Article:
This is certainly not the lead up to the Olympics that event organizers had intended. In the hot seat this week were both London...

This is certainly not the lead up to the Olympics that event organizers had intended.

In the hot seat this week were both London Olympic Organizing Committee (LOCOG) chair Lord Sebastian Coe and chief executive Paul Deighton, who were forced to make the media rounds in an attempt to explain why over half of those Britons who had applied for London 2012 tickets were unsuccessful.

“It’s absolutely a fair process,” Deighton told talkSPORT radio in the UK. “We looked at all the different ways to do it and a ballot is by far the fairest way to allocate [tickets].

Regarding the 55 percent of applicants who were unable to secure tickets through the process, Deighton said, “We had 1.8 million people putting in orders for about 22 million tickets and we’ve got 6 million to allocate. Some people are lucky and some people are unlucky.”

British tabloid The Daily Mail this week had Deighton suggesting that too many fans applied for the most popular sports, stating: “Other people listened carefully to the advice we gave and applied for a range of sports, and so it’s not surprising that they had better chances of getting some tickets.”

When confronted by BBC anchors about the news that many Olympics tickets went to big corporate sponsors, including embattled FIFA President Sepp Blatter, Coe replied, “A percentage of those tickets go to international federations and governing bodies. FIFA is an international federation….we are obliged to do that.”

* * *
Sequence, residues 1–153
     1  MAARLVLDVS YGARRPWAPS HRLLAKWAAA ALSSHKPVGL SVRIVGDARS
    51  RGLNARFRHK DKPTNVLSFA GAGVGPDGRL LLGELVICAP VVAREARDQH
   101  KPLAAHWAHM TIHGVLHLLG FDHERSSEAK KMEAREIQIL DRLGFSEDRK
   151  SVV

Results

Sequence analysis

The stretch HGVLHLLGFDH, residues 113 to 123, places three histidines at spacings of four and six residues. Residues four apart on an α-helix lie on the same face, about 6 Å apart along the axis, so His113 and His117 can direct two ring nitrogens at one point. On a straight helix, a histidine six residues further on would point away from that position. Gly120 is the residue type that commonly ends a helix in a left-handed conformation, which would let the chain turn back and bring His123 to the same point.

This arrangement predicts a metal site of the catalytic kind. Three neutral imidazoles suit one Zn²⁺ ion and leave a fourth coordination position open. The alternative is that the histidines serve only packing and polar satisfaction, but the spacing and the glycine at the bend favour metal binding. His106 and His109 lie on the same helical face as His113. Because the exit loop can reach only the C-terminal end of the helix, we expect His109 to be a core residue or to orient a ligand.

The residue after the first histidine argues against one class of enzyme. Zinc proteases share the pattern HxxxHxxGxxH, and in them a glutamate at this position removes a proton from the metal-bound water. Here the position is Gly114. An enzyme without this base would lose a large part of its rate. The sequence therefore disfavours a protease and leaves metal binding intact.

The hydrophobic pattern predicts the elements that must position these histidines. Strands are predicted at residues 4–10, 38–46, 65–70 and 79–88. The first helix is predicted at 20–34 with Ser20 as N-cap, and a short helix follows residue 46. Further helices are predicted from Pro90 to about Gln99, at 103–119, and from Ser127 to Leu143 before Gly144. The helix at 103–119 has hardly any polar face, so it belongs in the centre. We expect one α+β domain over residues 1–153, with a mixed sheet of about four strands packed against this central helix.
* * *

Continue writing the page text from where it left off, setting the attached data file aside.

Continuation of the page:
For his part, Deighton made a distinction between the sources of each set of tickets: “We’ve always said from stage one that 25 percent, or 2.2 million, are available for the international market, for sponsors and for the sports federations.

“The internationals tickets are part of the 25 percent. They are not part of our 6.6 million.”

LOCOG intends to release “hundreds of thousands” more tickets, for those who missed out the first time, in a second round of sales, details of which the group will announce by June 24. But, there will be no more chances for attending the Opening and Closing Ceremonies, or the athletics finals, because those tickets are sold out.

Meanwhile, as might have been expected, thousands of Brits who were awarded Olympics tickets in this first ballot had their credit cards declined, their tickets now redistributed to others on the list. This number hardly made a dent in the pool of roughly 1 million applicants who left the initial process empty-handed.

Early this week, following the public outcry on the ticketing debacle, a French Olympics ticket seller invited British (and other European) citizens to register to buy tickets on its site, Those who entered their information by midnight on June 6 would be eligible to apply for tickets on the site during a two day period starting on June 13. Brits are eligible to buy Olympics tickets from sites originating in European Union countries.

Heavy demand led to the site crashing on the 6th, leaving many fans out in the cold. The situation was similar to what happened to Sportsworld, which also experienced a site crash in May due to heavy demand.